Launch in a new market
Why nestpick entered the Australian market, and what they learnt
Every month we highlight one of our customers and ask them to explain their process for external communication. This month we asked house renting service nestpick to explain how they planned and executed their launch in the Australian market, step by step.
As a company, nestpick has set itself an ambitious goal: to revolutionise the way people rent their next home.
No biggie, right?
After a year launching all over Europe, including in Germany, the Netherlands, Spain, Italy, Austria, Ireland, France and the UK, we decided in June that it was time to make a move slightly further afield: 14,000km further, to be precise.
To provide tenants with accommodation, we needed to source landlords. Our supply team spent weeks working on Australian time, reaching out to, and building relationships with, landlords.
By the time of launch, we had 200 verified nests in Melbourne and Sydney. We put into practice a valuable lesson learnt from previous European city launches: acquire a relatively modest number of properties and market them correctly.
Although we’d opted for a soft-launch, we still had to shout quite loudly from Europe to be heard in Australia. We were lucky in that our head of communications at the time was an Australian native and she brought some valuable insider insights when it came to PR.
Our news release focused on three areas:
- nestpick’s unique selling propositions - entirely online, no viewings, rent from anywhere
- the changing nature of real estate in a digital world
- the state of the Australian rental market in its two biggest cities.
We recognised that Australia was an extremely tough market for us to enter, with its sky-high rental prices and extreme demand, so our release highlighted the reasons why we made the decision to expand south of the equator:
- huge numbers of students, including international students coming from Europe, where our brand is better known
- widespread disenfranchisement with the traditional real estate industry
- our ability to offer a viable solution to people moving to Australia from outside the country.
We used pr.co to publish our news release and as a convenient location to refer journalists who contacted us. Using pr.co’s newsroom feature allowed us to communicate our launch with hundreds of journalists, bloggers and influencers with ease.
We achieved some healthy Australian press coverage for the launch. Most publications focused on the ‘disruptive’ element of our platform; that tenants and landlords can now bypass the notoriously overpriced services of estate agents.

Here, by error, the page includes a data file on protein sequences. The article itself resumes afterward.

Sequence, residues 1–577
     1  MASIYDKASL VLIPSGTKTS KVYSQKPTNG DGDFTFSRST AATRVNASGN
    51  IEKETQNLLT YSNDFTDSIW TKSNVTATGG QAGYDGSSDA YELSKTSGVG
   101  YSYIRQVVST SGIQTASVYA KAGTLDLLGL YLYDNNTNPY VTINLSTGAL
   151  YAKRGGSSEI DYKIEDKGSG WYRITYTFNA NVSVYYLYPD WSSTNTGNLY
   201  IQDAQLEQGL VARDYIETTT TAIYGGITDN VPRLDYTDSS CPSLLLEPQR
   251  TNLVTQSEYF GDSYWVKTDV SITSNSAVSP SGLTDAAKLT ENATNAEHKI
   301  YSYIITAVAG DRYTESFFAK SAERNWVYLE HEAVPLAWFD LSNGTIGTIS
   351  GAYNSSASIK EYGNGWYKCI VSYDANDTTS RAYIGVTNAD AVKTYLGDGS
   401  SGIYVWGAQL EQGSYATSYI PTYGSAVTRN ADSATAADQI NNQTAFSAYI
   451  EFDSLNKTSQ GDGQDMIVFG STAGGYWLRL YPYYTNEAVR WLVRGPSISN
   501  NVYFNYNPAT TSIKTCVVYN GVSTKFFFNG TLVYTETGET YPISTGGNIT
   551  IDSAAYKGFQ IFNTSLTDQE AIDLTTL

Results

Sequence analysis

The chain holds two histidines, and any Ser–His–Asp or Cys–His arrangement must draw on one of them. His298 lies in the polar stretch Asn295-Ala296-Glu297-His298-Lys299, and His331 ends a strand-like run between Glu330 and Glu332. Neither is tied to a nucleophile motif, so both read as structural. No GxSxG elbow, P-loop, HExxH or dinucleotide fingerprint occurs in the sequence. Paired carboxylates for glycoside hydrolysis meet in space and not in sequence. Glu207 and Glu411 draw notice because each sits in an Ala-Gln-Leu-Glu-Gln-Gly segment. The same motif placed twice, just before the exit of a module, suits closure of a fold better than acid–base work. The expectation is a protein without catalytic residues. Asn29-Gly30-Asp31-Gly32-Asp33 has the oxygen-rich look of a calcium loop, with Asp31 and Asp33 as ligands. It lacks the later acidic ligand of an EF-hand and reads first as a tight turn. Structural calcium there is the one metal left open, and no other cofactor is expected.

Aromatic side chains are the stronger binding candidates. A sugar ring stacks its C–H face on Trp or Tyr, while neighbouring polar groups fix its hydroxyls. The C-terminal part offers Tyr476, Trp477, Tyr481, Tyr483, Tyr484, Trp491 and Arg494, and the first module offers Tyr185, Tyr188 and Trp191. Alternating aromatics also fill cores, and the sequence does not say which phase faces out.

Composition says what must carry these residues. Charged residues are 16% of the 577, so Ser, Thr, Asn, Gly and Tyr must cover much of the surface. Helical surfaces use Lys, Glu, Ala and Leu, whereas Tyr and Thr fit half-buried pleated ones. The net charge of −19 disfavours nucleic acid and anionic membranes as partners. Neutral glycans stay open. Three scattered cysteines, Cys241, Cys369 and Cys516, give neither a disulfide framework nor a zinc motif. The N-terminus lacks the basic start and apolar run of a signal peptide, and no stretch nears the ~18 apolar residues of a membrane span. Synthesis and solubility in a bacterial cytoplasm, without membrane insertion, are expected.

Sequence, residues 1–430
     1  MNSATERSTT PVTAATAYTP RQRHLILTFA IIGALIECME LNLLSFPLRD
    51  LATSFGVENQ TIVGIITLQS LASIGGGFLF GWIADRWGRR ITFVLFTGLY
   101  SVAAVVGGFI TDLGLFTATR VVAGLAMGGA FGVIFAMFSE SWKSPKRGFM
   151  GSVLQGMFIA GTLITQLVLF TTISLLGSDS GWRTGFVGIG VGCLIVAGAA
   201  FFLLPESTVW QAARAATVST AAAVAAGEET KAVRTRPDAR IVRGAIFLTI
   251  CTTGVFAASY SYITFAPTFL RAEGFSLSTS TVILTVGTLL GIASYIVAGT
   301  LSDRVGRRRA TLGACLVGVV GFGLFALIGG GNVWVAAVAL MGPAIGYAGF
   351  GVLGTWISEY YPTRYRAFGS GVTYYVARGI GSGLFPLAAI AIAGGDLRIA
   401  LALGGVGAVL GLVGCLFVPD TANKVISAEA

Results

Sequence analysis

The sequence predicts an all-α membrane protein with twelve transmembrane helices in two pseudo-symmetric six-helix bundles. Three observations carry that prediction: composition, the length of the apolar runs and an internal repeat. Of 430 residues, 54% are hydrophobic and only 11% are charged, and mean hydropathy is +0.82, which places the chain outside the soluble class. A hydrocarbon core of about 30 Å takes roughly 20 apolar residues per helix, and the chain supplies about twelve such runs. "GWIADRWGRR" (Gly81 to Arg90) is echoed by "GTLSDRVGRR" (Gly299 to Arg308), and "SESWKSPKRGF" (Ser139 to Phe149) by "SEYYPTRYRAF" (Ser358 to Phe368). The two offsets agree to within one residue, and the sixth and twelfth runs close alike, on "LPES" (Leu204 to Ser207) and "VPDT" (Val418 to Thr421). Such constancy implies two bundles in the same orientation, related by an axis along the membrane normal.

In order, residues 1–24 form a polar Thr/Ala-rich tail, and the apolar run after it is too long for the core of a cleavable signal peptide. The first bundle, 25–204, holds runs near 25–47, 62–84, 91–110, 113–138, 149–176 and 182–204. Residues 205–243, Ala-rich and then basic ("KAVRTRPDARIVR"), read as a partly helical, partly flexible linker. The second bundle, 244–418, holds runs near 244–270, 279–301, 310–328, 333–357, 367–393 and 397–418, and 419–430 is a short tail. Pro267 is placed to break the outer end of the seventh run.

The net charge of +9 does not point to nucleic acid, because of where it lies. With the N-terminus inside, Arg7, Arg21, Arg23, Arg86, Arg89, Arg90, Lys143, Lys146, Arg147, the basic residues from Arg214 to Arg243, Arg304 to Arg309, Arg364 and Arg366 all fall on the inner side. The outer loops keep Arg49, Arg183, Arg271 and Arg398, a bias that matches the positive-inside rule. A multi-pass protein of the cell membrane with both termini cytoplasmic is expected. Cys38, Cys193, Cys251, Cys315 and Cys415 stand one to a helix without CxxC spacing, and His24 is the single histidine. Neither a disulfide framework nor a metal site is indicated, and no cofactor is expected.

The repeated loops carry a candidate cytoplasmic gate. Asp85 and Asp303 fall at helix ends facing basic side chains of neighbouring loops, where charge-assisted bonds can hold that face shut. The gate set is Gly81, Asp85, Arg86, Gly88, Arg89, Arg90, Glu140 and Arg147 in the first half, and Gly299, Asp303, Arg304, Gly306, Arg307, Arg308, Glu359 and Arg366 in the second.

Some example headlines:
Nestpick launches in Australia, disrupts rental real estate
This European startup which makes renting around the world simpler is coming to Australia
Australia’s rental market gets a big shakeup. nestpick’s completely online service is coming to Australia
Industry faces digital disruption
What did we learn in the process?
1. Start early
To ensure our PR outreach was successful, we started analysing the Australian press long before the launch. Understanding your market is a given, but understanding how your market is perceived by local and national press is just as important.
The traditional real estate market is facing criticism in the Australian press over affordability (or non-affordability!), high estate agency fees and the the imbalance of supply and demand.
We didn’t want to be mistaken as an estate agency - our platform connected tenants and landlords - and so we emphasised the differences between us and agents.
2. Go local
If possible, use the knowledge of a local. If you can’t find one, at least find someone who has spent significant time in the target location. We were lucky that we had a native Australian but someone always knows someone, especially in the international startup environment.
3. Rely on technology
Spreading news of our launch to hundreds of journalists thousands of miles away was simple: we uploaded our release to pr.co, segmented our press contacts and hit ‘send’.
4. Be broad
Don’t assume that only journalists in your specific industry will be interested in featuring your story.
For example, our Australia launch was interesting for a range of media: lifestyle, expats, living/moving abroad, moving to Australia, studying abroad, technology. You might not see the relevance but that doesn’t mean journalists won’t.
5. Follow up, every time
The golden rule of social media is to interact with everyone who interacts with you. This should also be your rule when dealing with the press.
You don’t need to go overboard (no need to send a luxury hamper to everyone that recycles your press release) but a quick email to thank them for featuring your story is good practice.
Remember that the mainstream press is still built on relationships. Relationships with journalists who write favourable articles about your business should probably be nurtured more than your relationship with your spouse.